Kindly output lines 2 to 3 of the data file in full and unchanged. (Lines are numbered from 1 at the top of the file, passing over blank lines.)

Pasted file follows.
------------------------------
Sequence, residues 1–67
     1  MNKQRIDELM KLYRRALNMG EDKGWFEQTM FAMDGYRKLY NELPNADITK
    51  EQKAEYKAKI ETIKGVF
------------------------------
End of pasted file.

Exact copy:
     1  MNKQRIDELM KLYRRALNMG EDKGWFEQTM FAMDGYRKLY NELPNADITK
    51  EQKAEYKAKI ETIKGVF